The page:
Donors have also been distracted by other regional crises.
To the southeast, Somalia is suffering from severe drought, with warnings it could tip into famine.
Ethiopia´s western neighbour, South Sudan, has suffered four months of famine, and extreme hunger is at its highest levels ever after more than three years of civil war.
Ethiopia by contrast has a strong central government and is relatively free from conflict.
But with the situation so desperate in the region, donors aren't responding to the country's emergency as they have in the past, said Mitiku Kassa, head of Ethiopia's National Disaster Risk Management Commission, Mitiku Kassa.
"They are stressed with the needs, especially from those countries which (have) declared famine," Mitiku said. "That is why it is underfunded."
- 'Skipping meals is common' -
Even though Ethiopia has contributed $117 million of its own money this year and the international community $302 million, a funding gap of $481 million remains, according to the United Nations.
In the drought ravaged town of Warder, the hundreds of displaced families crowding a ramshackle camp say handouts of rice and sugar are becoming less frequent.
Some humanitarian workers privately complain the Ethiopian government isn't doing enough to call attention the drought, suggesting it does not want to resurrect the old image of Ethiopia as a place of mass starvation.

Some humanitarian workers privately complain the Ethiopian government isn't doing enough to call attention the drought, suggesting it does not want to resurrect the old image of Ethiopia as a place of mass starvation.
"Skipping meals is common," said Halimo Halim, a grandmother living with her children in a shelter made of sticks and pieces of plastic. "Skipping is the order of the day."
Families of nomadic herders such as Halimo's are central to the economy of Ethiopia's southeastern Somali region.
The drought has deprived goats, sheep and donkeys of water, killing them or making them so weak that by the time the rains come they perish in the cold.
Around 465,000 people who have lost their livestock have migrated to an estimated 250 camps in the region.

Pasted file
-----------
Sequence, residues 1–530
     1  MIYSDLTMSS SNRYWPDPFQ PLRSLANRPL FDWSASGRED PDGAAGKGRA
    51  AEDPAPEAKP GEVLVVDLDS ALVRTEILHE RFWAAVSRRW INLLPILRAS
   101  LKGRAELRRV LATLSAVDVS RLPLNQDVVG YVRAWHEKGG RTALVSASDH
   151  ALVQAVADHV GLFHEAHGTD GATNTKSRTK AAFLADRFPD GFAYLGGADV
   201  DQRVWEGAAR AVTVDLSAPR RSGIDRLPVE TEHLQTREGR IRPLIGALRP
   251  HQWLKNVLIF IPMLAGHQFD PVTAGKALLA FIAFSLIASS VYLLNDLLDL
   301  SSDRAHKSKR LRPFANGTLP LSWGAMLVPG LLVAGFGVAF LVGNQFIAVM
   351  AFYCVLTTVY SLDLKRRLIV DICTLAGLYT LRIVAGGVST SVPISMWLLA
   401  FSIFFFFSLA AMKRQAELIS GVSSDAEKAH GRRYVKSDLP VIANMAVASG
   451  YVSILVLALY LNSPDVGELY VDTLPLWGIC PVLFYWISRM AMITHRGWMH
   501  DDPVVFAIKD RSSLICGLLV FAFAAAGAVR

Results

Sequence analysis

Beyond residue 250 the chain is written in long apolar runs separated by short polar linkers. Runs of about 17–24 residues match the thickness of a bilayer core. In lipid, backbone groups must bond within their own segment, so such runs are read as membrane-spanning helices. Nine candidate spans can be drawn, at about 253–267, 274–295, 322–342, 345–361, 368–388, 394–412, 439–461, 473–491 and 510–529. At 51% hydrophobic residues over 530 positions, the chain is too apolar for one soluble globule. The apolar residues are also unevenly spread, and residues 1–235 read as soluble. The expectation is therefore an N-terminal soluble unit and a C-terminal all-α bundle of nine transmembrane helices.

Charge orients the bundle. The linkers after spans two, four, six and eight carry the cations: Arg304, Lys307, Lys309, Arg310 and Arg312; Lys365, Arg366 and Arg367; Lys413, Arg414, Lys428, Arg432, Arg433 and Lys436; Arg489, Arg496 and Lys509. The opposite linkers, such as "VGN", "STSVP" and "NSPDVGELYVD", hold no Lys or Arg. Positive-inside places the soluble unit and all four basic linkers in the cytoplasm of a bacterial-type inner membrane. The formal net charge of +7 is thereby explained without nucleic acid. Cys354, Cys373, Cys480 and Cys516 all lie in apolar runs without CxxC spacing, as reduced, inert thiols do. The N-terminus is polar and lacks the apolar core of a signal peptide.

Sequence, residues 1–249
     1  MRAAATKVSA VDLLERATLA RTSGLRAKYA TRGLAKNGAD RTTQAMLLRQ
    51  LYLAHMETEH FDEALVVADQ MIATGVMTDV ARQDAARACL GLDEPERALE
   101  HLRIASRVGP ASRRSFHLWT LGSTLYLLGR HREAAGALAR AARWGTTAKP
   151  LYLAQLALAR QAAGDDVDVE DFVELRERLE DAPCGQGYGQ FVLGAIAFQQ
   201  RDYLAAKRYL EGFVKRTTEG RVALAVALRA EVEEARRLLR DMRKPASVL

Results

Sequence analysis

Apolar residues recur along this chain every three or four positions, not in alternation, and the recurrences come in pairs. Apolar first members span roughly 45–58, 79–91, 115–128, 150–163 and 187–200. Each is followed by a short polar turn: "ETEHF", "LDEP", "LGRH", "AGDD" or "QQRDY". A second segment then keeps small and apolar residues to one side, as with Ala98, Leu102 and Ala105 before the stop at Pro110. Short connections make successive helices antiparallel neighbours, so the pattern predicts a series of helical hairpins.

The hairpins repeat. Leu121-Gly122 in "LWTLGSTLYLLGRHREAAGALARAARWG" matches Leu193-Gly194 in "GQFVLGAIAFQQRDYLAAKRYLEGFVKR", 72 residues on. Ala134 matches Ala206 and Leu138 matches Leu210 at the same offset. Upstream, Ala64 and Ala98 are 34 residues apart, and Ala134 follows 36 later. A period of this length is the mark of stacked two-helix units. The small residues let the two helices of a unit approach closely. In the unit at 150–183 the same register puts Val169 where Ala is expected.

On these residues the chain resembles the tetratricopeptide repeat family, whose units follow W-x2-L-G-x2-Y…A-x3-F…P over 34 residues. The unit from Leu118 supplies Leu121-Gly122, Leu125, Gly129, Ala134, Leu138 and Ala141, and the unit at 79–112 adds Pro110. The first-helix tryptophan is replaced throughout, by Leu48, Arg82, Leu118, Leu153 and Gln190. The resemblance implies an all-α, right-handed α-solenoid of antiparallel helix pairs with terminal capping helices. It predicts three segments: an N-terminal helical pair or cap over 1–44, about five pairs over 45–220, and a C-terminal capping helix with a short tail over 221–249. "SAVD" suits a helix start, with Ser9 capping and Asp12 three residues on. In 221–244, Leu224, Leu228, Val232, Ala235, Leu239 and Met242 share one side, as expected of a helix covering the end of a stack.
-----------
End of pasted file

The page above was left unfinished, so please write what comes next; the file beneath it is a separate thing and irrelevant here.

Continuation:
The settlements are often located near water sources, but that presents its own problems.
In Warder, workers are present around the clock at nearby wells to make sure people drawing water chlorinate it before they drink it, lest they contract "acute watery diarrhoea", which has broken out in the region.
Some aid workers say this is actually cholera, which Ethiopia has long been accused of covering up to protect its image.
- Paying the bill -
Aid agencies have turned to so-called "non-traditional" donors like the Gulf countries for funding.
At the same time they are keeping a nervous eye on budget negotiations in top funder the United States, where President Donald Trump has proposed slashing the aid budget.
But some humanitarians privately complain that the Ethiopian government isn't doing enough to call attention to its plight.
The people of Ethiopia's southeast have a name for the drought that has killed livestock and forced hundreds of thousands into camps: sima, which means "equalised". It's an appropriate name, they say, because this drought has left nothing untouched.

The people of Ethiopia's southeast have a name for the drought that has killed livestock and forced hundreds of thousands into camps: sima, which means "equalised". It's an appropriate name, they say, because this drought has left nothing untouched.
They argue that Addis Ababa does not want to distract from its development gains or resurrect the old image of Ethiopia as a place of mass starvation.
"There is no shortage of funds to combat drought," communications minister Negeri Lencho insisted earlier this month.
If the international community doesn't send more money, Mitiku said the government would be "forced" to tap its development budget for drought relief in July.
But with a lead time of about four months required to procure emergency food, the UN says that may be too late.